herbal medicine


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herbal medicine,

use of natural plant substances (botanicals) to treat and prevent illness. The practice has existed since prehistoric times and flourishes today as the primary form of medicine for perhaps as much as 80% of the world's population. Over 80,000 species of plants are in use throughout the world. Along with acupunctureacupuncture
, technique of traditional Chinese medicine, in which a number of very fine metal needles are inserted into the skin at specially designated points. For thousands of years acupuncture has been used, along with herbal medicine, for pain relief and treatment of various
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, herbal medicine is considered primary health care in China, where it has been in documented use for over 2,500 years.

Herbs may be used directly as teas or extracts, or they may be used in the production of drugs. Approximately 25% of the prescription drugs sold in the United States are plant based. Many more herbal ingredients are present in over-the-counter drugs, such as laxatives. Medicines that come from plants include aspirinaspirin,
acetyl derivative of salicylic acid (see salicylate) that is used to lower fever, relieve pain, reduce inflammation, and thin the blood. Common conditions treated with aspirin include headache, muscle and joint pain, and the inflammation caused by rheumatic fever and
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 from willow bark (Salix species) and digitalisdigitalis
, any of several chemically similar drugs used primarily to increase the force and rate of heart contractions, especially in damaged heart muscle. The effects of the drug were known as early as 1500 B.C.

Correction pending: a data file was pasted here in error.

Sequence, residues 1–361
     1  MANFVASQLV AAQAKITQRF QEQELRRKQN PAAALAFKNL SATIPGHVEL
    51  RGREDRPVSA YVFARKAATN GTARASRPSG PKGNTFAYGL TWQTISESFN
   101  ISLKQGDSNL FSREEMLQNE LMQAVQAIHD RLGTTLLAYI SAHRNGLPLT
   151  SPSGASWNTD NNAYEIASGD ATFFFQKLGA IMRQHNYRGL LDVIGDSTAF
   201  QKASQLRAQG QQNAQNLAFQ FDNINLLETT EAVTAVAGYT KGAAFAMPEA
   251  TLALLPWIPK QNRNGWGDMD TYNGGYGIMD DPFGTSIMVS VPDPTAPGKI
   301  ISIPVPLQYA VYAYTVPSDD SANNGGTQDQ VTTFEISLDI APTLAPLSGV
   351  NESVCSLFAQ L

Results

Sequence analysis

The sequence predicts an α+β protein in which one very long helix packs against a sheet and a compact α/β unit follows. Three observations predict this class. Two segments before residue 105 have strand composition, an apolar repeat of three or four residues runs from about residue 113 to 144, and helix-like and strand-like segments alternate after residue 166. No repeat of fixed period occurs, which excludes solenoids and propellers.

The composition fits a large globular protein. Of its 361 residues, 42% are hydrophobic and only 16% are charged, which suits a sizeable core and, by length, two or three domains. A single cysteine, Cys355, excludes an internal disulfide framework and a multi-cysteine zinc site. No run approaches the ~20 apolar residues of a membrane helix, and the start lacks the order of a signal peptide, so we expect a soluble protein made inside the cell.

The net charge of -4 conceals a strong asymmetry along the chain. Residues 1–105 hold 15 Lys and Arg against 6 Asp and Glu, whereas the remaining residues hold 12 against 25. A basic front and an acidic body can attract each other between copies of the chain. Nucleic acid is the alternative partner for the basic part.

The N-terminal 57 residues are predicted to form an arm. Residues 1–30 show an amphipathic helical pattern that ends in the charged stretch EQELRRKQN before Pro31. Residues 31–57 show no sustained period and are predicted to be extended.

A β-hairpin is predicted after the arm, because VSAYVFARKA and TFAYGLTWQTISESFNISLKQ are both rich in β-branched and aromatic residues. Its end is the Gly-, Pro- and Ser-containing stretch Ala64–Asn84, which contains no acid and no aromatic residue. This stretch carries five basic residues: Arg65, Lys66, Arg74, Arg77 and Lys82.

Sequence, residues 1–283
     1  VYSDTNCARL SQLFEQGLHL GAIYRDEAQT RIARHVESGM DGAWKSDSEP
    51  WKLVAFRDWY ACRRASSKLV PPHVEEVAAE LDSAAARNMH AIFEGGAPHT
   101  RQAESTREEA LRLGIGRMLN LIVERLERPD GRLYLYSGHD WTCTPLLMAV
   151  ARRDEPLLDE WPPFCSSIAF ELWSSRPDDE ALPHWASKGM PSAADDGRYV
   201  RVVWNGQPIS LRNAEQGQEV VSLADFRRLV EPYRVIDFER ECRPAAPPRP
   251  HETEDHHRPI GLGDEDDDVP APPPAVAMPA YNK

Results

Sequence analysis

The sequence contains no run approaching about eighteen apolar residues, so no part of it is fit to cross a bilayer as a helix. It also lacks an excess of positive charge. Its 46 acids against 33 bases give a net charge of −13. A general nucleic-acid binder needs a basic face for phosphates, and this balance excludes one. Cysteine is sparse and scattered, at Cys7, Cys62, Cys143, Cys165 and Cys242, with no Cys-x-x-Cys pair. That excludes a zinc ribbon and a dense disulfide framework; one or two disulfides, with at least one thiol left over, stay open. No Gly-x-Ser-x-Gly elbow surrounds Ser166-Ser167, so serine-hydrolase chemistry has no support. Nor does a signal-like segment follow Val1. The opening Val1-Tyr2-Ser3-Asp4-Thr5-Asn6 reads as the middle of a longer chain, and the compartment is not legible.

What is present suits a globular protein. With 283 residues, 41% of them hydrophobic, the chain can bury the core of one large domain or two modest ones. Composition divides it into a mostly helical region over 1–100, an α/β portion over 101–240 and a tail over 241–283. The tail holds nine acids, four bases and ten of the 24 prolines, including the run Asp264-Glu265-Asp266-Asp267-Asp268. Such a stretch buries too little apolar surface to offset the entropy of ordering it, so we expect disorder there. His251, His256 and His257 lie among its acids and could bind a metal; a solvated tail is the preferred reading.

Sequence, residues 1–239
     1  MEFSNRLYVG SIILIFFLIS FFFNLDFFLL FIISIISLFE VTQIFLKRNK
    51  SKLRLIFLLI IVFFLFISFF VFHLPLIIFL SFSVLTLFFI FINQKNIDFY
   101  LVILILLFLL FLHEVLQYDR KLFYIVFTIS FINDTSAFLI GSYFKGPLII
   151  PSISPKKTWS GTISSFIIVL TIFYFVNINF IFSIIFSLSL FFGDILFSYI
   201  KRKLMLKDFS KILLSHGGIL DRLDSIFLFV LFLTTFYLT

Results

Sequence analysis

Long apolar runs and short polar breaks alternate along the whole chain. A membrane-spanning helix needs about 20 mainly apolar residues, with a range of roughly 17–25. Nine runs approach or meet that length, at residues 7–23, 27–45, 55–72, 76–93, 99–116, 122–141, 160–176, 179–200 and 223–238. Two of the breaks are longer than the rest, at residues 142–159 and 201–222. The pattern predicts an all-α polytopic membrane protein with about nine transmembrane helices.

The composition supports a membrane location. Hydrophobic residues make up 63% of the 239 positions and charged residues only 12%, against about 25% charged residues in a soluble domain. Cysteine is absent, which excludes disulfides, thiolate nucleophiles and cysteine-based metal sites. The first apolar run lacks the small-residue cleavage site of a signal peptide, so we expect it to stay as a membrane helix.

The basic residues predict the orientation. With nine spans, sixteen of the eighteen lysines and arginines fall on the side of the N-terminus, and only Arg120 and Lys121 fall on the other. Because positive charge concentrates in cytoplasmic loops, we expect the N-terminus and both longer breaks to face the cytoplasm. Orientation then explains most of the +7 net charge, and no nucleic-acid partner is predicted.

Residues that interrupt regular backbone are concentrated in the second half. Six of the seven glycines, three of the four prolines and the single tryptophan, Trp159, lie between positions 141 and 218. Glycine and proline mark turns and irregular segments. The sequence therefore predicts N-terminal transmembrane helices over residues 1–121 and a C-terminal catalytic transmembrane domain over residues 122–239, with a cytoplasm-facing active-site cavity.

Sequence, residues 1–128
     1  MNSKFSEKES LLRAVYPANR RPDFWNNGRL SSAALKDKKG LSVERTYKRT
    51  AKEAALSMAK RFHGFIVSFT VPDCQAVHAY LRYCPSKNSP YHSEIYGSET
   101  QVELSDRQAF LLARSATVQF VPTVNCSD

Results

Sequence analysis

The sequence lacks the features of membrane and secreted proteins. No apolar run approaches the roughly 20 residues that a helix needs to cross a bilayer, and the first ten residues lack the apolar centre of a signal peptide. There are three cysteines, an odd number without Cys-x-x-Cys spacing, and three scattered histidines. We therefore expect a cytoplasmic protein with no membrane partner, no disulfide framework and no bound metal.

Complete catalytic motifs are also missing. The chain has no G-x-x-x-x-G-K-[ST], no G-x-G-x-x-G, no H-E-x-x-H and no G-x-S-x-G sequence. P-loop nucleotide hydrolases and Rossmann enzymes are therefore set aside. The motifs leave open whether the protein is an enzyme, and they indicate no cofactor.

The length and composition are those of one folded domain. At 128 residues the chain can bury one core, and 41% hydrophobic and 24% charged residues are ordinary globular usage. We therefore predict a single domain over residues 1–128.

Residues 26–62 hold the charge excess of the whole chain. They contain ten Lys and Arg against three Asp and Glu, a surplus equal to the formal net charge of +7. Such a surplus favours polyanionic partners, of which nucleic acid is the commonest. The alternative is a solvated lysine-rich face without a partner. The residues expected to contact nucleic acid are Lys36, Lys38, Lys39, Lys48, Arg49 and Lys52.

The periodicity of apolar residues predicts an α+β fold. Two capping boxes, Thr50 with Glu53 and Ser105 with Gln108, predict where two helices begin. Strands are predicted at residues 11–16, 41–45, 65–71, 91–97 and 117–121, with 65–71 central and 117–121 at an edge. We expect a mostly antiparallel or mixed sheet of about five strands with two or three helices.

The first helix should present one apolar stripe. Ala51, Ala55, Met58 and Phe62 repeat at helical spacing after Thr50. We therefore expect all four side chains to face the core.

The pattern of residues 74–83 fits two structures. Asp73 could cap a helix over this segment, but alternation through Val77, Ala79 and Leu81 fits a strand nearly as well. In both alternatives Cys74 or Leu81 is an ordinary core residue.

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 from foxglove (Digitalis purpurea).

Scientific interest in herbal medicine in the United States has lagged behind that in the countries of Asia and W Europe; in Germany, for example, one third of graduating physicians have studied herbal medicine, and a comprehensive therapeutic guide to herbal medicines has long been published there. Nonetheless, millions of people in the United States use herbal products to treat a wide variety of ailments or to enhance health. Among the more popular remedies used are ginsengginseng
, common name for the Araliaceae, a family of tropical herbs, shrubs, and trees that are often prickly and sometimes grow as climbing forms. The true ginseng (Panax ginseng
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, to increase stamina and as a mild sedative; St.-John's-wortSt.-John's-wort,
any species of the large and widespread herbaceous or shrubby genus Hypericum of the family Hypericaceae (St.-John's-wort family), usually found in moist, open places and often having bright yellow flowers and dotted leaves. A St.
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, for mild depression; echinaceaechinacea
, popular herbal remedy, or botanical, believed to benefit the immune system. It is used especially to alleviate common colds and the flu. Several controlled studies using it as a cold medicine have failed to find any benefit from its use, but a 2007 review of 14
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, to aid the immune system and alleviate colds; kava, to calm anxiety and treat insomnia; saw palmetto, for enlarged prostate; and ginkgo biloba, to improve short-term memory (see ginkgoginkgo
or maidenhair tree,
tall, slender, picturesque deciduous tree (Ginkgo biloba) with fan-shaped leaves. The ginkgo is native to E China, where it was revered by Buddhist monks and planted near temples.